Bilateral Optic Disc Edema (Grand Rounds)
Bilateral non-arteritic anterior ischemic optic neuropathy (NAION).
- Dr.Diana Beselga states that she has no financial interest, affiliation, or other relationship with the manufacture of any commercial project discussed or with the manufacture of any competing commercial project.
- History of Present Illness
- 46-year-old caucasian male with no complaints, comes to a routine Ophthalmology consultation.
- Review of Systems: frequent headaches
- Past Medical History: Ulcerative colitis, Migraine
- Allergies: None
- Medications: Mesalazine
- BCVA: 20/20 bilaterally
- Pupils: normal pupillary reflexes, no afferent pupillary defect
- Colour vision: The patient was able to read Ishihara plates with each eye separately and without any errors
- Tonometry: 18 mmHg RE and 19 mmHg LE
- Extraocular Motility: without alterations
- Visual Fields: enlarged blind spot bilaterally
- External Exam: no alterations
- Normal blood pressure and pulse
- Slit Lamp Findings: without conjuntival hyperemia, transparent cornea, no anterior chamber reaction, clear lens bilaterally
- Dilated Fundus Exam Findings: bilateral papilledema with an hemorrhagic component; macula and peripheral retina without changes
- Normal blood count, ESR and CRP. No coagulation abnormalities. Analytical infectious and autoimmune evaluation negative.
- Lumbar puncture showed no increased fluid pressure and no cytochemical changes.
- Normal optic nerve/NFL OCT Brain and orbits magnetic resonance without significant changes
- Carotid Doppler US : without significant stenosis or atherosclerotic disease
- Pseudotumor cerebri
- Mesalazine causing intracranial hypertension
- Non arteritic anterior ischemic optic neuropathy
- Infiltrative disease of the optic nerve
- Bilateral non arteritic anterior ischemic optic neuropathy
Non arteritic anterior ischemic optic neuropathy (NAION)
- NAION is an infarction of the optic nerve head caused by compromised blood flow in one or more of the posterior ciliary arteries.
- Bilateral NAION is a well-documented entity that may be seen in 12-19% patients and it usually occurs sequentially instead of simultaneously.
- Patients with migraine may develop NAAION as early as the second or third decade of life.
- Polyarteritis nodosa
- Systemic lupus
- Buerger disease
- Allergic vasculitis
- Postviral vasculitis
- Radiation necrosis
- Systemic vasculopathies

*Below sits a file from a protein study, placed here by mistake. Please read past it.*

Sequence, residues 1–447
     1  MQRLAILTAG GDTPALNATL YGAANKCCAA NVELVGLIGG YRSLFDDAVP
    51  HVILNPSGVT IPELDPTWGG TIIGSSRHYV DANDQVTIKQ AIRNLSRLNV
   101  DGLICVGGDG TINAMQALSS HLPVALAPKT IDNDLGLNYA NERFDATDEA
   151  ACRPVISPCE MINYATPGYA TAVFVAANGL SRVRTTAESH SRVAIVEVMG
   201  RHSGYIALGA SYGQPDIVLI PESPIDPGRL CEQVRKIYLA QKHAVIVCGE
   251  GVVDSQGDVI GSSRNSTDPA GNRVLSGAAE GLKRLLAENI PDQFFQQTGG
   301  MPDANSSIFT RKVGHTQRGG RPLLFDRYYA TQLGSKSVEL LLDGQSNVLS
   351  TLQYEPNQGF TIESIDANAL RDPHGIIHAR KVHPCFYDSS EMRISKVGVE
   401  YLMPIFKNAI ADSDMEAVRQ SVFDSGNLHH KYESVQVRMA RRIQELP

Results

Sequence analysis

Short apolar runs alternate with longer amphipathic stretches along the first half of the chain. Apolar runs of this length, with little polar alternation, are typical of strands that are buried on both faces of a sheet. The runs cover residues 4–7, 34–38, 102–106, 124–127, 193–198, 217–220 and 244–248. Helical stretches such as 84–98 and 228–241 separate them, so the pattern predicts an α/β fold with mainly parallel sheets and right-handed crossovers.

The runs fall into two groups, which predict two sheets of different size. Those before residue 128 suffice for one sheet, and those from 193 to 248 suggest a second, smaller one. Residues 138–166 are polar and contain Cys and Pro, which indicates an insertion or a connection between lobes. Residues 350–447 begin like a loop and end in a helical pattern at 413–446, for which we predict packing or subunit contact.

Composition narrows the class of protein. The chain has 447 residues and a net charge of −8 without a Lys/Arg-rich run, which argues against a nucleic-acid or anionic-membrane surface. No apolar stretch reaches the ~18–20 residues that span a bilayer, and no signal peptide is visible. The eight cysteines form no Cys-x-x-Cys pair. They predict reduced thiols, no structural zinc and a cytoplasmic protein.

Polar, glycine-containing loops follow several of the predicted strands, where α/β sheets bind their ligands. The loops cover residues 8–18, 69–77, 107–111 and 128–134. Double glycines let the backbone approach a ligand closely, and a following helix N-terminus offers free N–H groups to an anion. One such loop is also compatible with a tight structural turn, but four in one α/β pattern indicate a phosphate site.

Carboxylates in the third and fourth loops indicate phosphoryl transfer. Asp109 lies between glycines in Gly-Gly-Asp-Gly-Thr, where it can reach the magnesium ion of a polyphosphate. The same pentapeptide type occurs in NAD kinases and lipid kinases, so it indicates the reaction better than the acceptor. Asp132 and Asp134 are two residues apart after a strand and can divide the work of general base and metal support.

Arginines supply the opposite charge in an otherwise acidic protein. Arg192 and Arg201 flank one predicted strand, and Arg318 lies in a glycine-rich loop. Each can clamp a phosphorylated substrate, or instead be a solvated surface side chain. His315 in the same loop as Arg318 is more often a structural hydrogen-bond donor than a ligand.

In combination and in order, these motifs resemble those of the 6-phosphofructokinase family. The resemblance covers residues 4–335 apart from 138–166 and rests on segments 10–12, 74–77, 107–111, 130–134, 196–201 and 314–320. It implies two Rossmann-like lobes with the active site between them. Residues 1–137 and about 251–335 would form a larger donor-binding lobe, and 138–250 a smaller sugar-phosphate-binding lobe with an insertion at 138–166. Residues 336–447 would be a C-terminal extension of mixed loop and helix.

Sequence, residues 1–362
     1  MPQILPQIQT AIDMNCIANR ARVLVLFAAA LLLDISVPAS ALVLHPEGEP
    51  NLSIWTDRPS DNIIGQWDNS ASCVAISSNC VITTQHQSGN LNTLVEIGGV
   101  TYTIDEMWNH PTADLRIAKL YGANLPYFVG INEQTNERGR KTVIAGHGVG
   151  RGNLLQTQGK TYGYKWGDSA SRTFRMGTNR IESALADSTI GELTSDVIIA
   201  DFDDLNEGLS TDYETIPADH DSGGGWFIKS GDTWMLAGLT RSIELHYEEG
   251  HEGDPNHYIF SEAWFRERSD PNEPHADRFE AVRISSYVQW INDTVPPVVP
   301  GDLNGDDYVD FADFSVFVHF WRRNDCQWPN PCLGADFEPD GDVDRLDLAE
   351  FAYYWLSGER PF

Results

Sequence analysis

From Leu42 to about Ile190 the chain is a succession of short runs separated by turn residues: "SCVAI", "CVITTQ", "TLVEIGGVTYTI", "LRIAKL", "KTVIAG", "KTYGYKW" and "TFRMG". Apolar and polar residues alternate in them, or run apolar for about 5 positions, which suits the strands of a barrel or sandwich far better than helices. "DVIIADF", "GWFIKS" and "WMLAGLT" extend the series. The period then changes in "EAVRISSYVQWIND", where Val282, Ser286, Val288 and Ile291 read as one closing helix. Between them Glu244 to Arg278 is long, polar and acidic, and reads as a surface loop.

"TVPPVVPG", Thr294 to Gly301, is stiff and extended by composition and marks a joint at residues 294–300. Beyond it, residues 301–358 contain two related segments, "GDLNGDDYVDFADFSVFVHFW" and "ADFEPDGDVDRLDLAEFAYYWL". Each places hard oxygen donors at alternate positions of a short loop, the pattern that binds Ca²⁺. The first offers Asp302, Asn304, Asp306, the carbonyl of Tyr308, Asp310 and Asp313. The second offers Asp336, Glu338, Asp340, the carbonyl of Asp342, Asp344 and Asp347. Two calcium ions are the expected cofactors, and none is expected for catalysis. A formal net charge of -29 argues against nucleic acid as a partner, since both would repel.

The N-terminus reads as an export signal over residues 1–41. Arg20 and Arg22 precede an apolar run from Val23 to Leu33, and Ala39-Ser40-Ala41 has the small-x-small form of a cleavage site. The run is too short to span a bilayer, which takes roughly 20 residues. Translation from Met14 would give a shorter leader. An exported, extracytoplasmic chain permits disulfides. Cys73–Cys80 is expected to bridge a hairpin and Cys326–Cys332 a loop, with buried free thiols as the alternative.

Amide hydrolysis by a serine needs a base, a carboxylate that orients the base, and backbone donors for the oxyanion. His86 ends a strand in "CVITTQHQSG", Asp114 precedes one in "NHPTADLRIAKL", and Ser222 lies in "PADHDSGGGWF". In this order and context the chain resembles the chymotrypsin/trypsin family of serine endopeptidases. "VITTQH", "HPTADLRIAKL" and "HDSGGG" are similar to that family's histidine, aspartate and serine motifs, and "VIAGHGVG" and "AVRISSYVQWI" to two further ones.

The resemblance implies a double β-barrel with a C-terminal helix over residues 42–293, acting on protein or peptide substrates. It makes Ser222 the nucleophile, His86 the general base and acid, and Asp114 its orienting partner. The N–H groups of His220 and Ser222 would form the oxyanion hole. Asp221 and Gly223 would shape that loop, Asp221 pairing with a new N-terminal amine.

- Diabetes mellitus
- Takayasu disease
- Carotid occlusive disease
- Polycythemia vera
- Sickle cell disease (trait)
- Acute hypotension (shock)
- Glucose-6-phosphate dehydrogenase deficiency (G-6-PD)
- Postcataract (possibly)
- Low-tension glaucoma
- Ex: phosphodiesterase type 5 (PDE-5) inhibitors, amiodarone
- Swollen optic disc, either diffuse or sectoral. Flame-shaped hemorrhages are present at or near the optic disc margin.
- Most patients have either altitudinal or arcuate visual field defects.
- Relative afferent pupillary defect is invariably present unless coexistent optic neuropathy in the fellow eye balances the impaired pupillary response in the affected eye.
- Typically presents with a sudden, painless loss of visual accuity.
- In most patients there are no premonitory symptoms.
- Approximately 50% of patients have visual acuity better than 20/100, so the presence of normal visual acuity does not rule out NAION
- Arteritic anterior ischemic optic neuropathy
- Optic Neuritis
- Compressive optic neuropathy
- Optic nerve inflammation, such as those related to syphilis or sarcoidosis
- Infiltrative optic neuropathies
- Idiopathic forms of optic disc edema, which include diabetic papillopathy and papillophlebitis.
- The treatment of anterior ischemic optic neuropathy to a large degree depends on its etiology in the individual patient.
- Most of the literature on the treatment of NAION consists of retrospective or prospective case series and anecdotal case reports.
- Various medical therapies for NAION have been investigated including systemic corticosteroids, anticoagulants, antiplatelet agents, diphenylhydantoin, and levodopa. None of these treatments have been found to be effective.
- Although numerous practitioners recommend steroids to treat acute NAION, this practice is not based on any level I evidence.
- Hayreh SS, Zimmerman MB. Nonarteritic anterior ischemic optic neuropathy: natural history of visual outcome. Ophthalmology 2008; 115:298.
- Hayreh SS, Zimmerman MB. Optic disc edema in non-arteritic anterior ischemic optic neuropathy. Graefes Arch Clin Exp Ophthalmol 2007; 245:1107.
- PreechawatP Bruce BB Newman NJ Biousse V. Anterior ischemic optic neuropathy in patients younger than 50 years. Am J Ophthalmol 2007; 144:953.
- Boone MI, Massry GG, Frankel RA, et al. Visual outcome in bilateral nonarteritic anterior ischemic optic neuropathy. Ophthalmology 1996, 103:1223.
- Atkins EJ, Bruce BB, Newman NJ, Biousse V. Treatment of nonarteritic anterior ischemic optic neuropathy. Surv Ophthalmol 2010; 55:47. 1996; 103:1223.
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